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Special Issues

Going beyond Panaceas

Ostrom, E., M.A. Janssen and J.M. Anderies
2007 Proceedings of the National Academy of Sciences USA 104: 15176-15217.

Journal Articles

Robustness-tradeoffs for social-ecological systems

Janssen, M.A. and J.M. Anderies

2007 International Journal of the Commons 1(1): 77-99.


The governance of common-pool resources can be meaningfully examined from the somewhat broader perspective of the governance of social-ecological systems (SESs). Governance of SESs invariably involves trade-offs; trade-offs between different stakeholder objectives, trade-offs between risk and productivity, and trade-offs between short-term and long-term goals. This is especially true in the case of robustness in social-ecological systems – i.e. the capacity to continue to meet a performance objective in the face of uncertainty and shocks. In this paper we suggest that effective governance under uncertainty must include the ongoing analysis of trade-offs between robustness and performance, and between investments in robustness to different types of perturbations. The nature of such trade-offs will depend on society’s perception of risk, the dynamics of the underlying resource, and the governance regime. Specifically, we argue that it is impossible to define robustness in absolute terms. The choice for society is not only whether to invest in becoming robust to a particular disturbance, but rather, what suit of disturbances to address and what set of associated vulnerabilities is it willing to accept as a necessary consequence.

Keywords: resilience, robustness, social-ecological system, common-pool resources, trade-offs, irrigation


Panaceas, uncertainty, and the robust control framework in sustainability science

Anderies, J. M., A.A. Rodriguez, M.A. Janssen, and O. Cifadloz

2007 Proceedings of the National Academy of Sciences USA 104(39):15194–15199.


A critical challenge faced by sustainability science is to develop strategies to cope with highly uncertain social and ecological dynamics. This article explores the use of the robust control framework toward this end. After briefly outlining the robust control framework, we apply it to the traditional Gordon–Schaefer fishery model to explore fundamental performance–robustness and robustness–vulnerability trade-offs in natural resource man- agement. We find that the classic optimal control policy can be very sensitive to parametric uncertainty. By exploring a large class of alternative strategies, we show that there are no panaceas: even mild robustness properties are difficult to achieve, and increasing robustness to some parameters (e.g., biological parameters) results in decreased robustness with respect to others (e.g., economic parameters). On the basis of this example, we extract some broader themes for better management of resources under uncer- tainty and for sustainability science in general. Specifically, we focus attention on the importance of a continual learning process and the use of robust control to inform this process.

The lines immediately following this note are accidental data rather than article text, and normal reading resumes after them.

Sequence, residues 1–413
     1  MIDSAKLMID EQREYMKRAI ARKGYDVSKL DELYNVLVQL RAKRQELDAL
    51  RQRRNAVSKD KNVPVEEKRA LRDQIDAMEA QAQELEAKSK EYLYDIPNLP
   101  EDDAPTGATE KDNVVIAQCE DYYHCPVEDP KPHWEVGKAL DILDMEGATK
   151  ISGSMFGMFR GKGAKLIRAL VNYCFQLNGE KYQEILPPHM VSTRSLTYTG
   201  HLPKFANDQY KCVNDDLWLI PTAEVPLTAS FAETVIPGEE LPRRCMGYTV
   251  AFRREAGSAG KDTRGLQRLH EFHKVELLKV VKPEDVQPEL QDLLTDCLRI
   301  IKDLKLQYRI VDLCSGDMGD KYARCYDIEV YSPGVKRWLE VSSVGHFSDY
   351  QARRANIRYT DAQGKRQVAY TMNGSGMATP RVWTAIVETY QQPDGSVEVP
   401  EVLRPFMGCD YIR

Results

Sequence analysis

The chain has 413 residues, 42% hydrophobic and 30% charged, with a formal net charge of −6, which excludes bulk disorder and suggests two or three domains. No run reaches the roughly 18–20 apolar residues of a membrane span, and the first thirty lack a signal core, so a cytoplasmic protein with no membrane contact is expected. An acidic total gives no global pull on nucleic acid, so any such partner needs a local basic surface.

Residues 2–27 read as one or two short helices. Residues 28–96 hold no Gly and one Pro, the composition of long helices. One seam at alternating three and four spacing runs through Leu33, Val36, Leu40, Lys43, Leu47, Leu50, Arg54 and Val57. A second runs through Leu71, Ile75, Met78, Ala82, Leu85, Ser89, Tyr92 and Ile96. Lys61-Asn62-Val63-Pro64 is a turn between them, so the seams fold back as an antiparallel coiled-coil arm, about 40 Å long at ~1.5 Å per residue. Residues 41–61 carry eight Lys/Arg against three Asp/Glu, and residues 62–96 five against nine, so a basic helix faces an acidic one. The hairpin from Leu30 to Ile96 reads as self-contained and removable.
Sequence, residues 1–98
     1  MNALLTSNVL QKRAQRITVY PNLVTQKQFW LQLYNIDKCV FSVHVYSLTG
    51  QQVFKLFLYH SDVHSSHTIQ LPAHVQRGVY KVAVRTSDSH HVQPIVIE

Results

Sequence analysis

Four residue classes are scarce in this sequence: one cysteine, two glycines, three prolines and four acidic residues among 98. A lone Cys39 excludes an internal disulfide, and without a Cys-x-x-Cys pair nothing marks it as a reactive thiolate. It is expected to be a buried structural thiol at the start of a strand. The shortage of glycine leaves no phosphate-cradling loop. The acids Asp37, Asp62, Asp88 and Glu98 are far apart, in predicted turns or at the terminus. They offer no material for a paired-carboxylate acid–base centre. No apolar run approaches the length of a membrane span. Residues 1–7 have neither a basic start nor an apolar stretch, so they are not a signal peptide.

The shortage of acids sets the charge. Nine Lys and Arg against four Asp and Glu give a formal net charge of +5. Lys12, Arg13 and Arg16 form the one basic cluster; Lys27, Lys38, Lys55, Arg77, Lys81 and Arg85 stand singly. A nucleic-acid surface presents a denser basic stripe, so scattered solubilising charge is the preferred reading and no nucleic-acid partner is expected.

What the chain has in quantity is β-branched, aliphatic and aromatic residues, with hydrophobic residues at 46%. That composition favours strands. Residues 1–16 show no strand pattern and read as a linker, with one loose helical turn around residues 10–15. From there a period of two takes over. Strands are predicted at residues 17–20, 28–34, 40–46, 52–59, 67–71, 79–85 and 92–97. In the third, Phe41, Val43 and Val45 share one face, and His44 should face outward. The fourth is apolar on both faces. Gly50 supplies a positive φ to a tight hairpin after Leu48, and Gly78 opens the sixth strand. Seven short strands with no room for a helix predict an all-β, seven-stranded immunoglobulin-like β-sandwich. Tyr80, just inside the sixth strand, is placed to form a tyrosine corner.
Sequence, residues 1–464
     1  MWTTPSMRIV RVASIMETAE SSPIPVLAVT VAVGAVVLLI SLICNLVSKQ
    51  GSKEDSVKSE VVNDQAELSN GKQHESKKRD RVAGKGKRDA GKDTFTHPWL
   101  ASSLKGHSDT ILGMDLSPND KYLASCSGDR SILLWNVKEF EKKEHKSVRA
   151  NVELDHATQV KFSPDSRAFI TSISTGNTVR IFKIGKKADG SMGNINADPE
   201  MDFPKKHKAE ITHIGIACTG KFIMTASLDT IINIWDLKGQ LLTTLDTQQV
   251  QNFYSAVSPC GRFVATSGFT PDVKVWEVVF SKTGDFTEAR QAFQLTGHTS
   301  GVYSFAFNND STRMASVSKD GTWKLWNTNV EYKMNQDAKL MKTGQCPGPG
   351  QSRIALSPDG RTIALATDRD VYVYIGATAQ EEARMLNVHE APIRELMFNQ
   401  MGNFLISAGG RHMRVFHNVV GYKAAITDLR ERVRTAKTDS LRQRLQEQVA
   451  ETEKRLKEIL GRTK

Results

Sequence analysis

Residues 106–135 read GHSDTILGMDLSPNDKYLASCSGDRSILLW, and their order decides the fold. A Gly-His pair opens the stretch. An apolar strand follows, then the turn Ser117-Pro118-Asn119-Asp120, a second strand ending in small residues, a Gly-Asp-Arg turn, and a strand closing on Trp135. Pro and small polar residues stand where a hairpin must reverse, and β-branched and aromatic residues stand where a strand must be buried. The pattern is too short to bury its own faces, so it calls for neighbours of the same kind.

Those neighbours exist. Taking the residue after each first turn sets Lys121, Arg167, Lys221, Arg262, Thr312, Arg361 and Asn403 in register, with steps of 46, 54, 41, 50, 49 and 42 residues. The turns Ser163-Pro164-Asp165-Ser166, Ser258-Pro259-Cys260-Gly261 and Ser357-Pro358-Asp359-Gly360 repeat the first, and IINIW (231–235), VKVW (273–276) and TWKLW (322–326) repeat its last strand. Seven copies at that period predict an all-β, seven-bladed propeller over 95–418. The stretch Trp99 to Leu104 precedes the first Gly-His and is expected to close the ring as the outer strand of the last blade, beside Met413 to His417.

Keywords: natural resources; resource management; vulnerability; policy design; environmental policy


Going beyond panaceas

Ostrom, E, M.A. Janssen, and J.M. Anderies

2007 Proceedings of the National Academy of Sciences USA 104(39):15176–15178.


In the context of governance of human–environment interactions, a panacea refers to a blueprint for a single type of governance system (e.g., government ownership, privatization, community property) that is applied to all environmental problems. The aim of this special feature is to provide theoretical analysis and empirical evidence to caution against the tendency, when confronted with pervasive uncertainty, to believe that scholars can generate simple models of linked social–ecological systems and deduce general solutions to the overuse of resources. Practitioners and scholars who fall into panacea traps falsely assume that all problems of resource governance can be represented by a small set of simple models, because they falsely perceive that the preferences and perceptions of most resource users are the same. Readers of this special feature will become acquainted with many cases in which panaceas fail. The articles provide an excellent overview of why they fail. Furthermore, the articles in this special feature address how scholars and public officials can increase the prospects for future sustainable resource use by facilitating a diagnostic approach in selecting appropriate starting points for governance and monitoring, as well as by learning from the outcomes of new policies and adapting in light of effective feedback.

Keywords: resources; social–ecological systems; sustainability


Reflective practice

Gunderson, L., C. Folke, and M.A. Janssen (Editorial)

2007 Ecology and Society 12(2): 40.

An Update on the Scholarly Networks on Resilience, Vulnerability, and Adaptation within the Human Dimensions of Global Environmental Change

Janssen, M.A.

2007 Ecology and Society 12 (2): 9.


In Janssen et al. (2006), we presented a bibliometric analysis of the resilience, vulnerability, and adaptation knowledge domains within the research activities on human dimensions of global environmental change. We have updated the analysis because 2 years have gone by since the original analysis, and 1113 more publications can now be added to the database. We analyzed how the resulting 3399 publications between 1967 and 2007 are related in terms of co-authorship and citations. The rapid increase in the number of publications in the three knowledge domains continued over the last 2 years, and we still see an overlap between the knowledge domains. We were also able to identify the “hot” publications of the last 2 years.

Keywords: adaptation; bibliometric analysis; citations; resilience; vulnerability


Synchronized deforestation induced by social learning under uncertainty of forest-use value

Satake, A., M.A. Janssen, S.A. Levin, and Y. Iwasa